Anyone who freelances will tell you that there is your life is a constant juggling act as you try to manage life, clients and simple day-to-day administration. Some of us even get quite good at it. You know what they say about going to a busy person if you want something done.
But it also means that there’s very little wriggle room when something unexpected happens. Ask any self-employed person and they will tell you that sudden illness or something that renders them unable to work is their nightmare scenario.
But it can also be the short-term problems. We’ve all had those times when you are left wondering how you could possibly get everything on your to-do list done, be that client work or urgent domestic issues that simply need sorting. And that’s usually the point where you feel your energy is at its lowest.
So what can you do to deal with the unexpected? It may feel like you have no options, but there are some practical things you can do to keep the show on the road:
1. Stop and give yourself a break.
I don’t mean a holiday (although if you can, that’s always a good idea). I mean literally put your ‘tools’ down and accept that things aren’t going to be normal for a while, work out what absolutely needs to be done and cross out all that extraneous clutter that you have come to accept as normal.
So, stop looking at your email inbox for example and worrying that you haven’t responded to so-and-so. If they really need you they will recontact you. If not, no harm done. Stop trying to fit in hundreds of networking events because you feel that you need to be out there hustling for the next client project. They’ll still be there when you are back on the waggon.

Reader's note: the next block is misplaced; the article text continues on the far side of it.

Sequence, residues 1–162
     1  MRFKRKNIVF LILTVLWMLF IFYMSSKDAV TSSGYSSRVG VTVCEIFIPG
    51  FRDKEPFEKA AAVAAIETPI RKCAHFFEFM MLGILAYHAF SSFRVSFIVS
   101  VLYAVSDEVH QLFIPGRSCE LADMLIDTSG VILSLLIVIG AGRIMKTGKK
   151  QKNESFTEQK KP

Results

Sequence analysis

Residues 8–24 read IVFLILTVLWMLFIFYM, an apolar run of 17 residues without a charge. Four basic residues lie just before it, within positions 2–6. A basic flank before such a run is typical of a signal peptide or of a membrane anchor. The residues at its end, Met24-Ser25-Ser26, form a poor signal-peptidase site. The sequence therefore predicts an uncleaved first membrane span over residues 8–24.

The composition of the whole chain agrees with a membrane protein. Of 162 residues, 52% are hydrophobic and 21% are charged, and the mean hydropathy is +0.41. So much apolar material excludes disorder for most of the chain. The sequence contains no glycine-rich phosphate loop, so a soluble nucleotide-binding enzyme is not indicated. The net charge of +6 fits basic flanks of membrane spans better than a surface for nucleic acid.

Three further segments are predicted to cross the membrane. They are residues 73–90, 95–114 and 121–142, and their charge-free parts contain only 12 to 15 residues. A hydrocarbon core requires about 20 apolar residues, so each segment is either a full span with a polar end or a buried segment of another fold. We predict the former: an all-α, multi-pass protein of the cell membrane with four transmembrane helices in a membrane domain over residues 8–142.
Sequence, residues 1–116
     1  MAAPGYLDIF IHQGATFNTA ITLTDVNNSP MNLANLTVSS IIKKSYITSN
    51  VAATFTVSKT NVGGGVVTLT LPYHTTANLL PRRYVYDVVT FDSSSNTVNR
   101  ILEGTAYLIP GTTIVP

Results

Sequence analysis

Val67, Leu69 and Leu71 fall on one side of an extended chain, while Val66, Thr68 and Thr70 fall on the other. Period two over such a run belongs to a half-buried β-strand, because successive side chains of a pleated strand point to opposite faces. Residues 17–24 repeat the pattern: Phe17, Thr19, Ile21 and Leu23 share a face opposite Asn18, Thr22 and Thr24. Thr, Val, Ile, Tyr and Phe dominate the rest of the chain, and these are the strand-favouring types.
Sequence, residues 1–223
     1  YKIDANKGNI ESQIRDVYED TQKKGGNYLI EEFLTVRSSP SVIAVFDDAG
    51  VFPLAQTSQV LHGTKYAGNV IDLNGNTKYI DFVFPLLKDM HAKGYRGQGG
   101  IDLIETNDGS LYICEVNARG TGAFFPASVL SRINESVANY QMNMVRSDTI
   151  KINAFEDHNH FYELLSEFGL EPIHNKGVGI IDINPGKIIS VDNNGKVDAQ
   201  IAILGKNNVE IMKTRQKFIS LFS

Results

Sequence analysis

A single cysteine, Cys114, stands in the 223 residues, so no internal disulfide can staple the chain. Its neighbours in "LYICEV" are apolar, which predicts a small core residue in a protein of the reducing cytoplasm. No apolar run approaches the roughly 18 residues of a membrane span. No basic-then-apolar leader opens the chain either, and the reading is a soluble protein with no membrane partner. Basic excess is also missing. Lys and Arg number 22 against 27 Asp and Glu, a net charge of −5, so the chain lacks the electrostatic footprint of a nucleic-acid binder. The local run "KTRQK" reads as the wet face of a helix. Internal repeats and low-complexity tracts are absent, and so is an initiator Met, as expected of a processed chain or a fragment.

Taking a break from the normal treadmill is an essential part of accepting that you are not super-human. Well, maybe you are, but even super heroes need a break!
2. Ask for help.
Almost all of us are bad at this. Why do you do it? What are you trying to prove?
You’ll be amazed at how readily people are prepared to fall in behind you to help you. Whether that’s temporarily picking up your domestic chores whilst to plough on with the client work, or helping you work out a thorny work issue.
Delegate some of the responsibility for now. Noone will think any worse of you and they’ll probably admire your stamina anyway. Your real friends and collaborators want to see you succeed, because it’s in no ones interest to see you fail.
Arianna Huffington reckons that sleep is the absolute must for anyone, and I think this applies particularly to those of us who are working for ourselves. When you’re already stressed about not having enough time to get everything done, getting to bed early and not working through the night seems counter-intuitive.
But common sense should tell you that we need sleep for a reason. It recharges you and allows you to grab your waking hours by the scruff of the neck and get up and at ‘em. That’s not how you feel after a disrupted night’s sleep.
So by all means get up early, but try and get your full 8 hours sleep. You know it makes sense.
Let’s face it, we could all do with getting some better habits, whether that’s eating healthier, getting more exercise or getting our work and home life in harmony.
Often, it’s the unexpected events that cause us to revaluate the way we live. So perhaps it’s time for a few adjustments to help you get a sense of perspective and actually to help you cope with the tough and crisis times. I can’t promise you’ll never have these, but I can say that having more energy and feeling fitter certainly helps you cope.
5. Hear the good stuff
If you’ve got your head down dealing with a crisis, it can feel like you are completely alone and this is when your confidence is at its lowest ebb. This is where your friends and supporters come in. They’ll remind you of how resilient you are and how much they value you.
And when you get through it (I have every confidence that you will….!), don’t forget to keep an eye on your comrades and collaborators. Give back some of that goodwill that you’ve received. It’s what makes the world go round and you never know when you’ll need to draw on that goodwill again.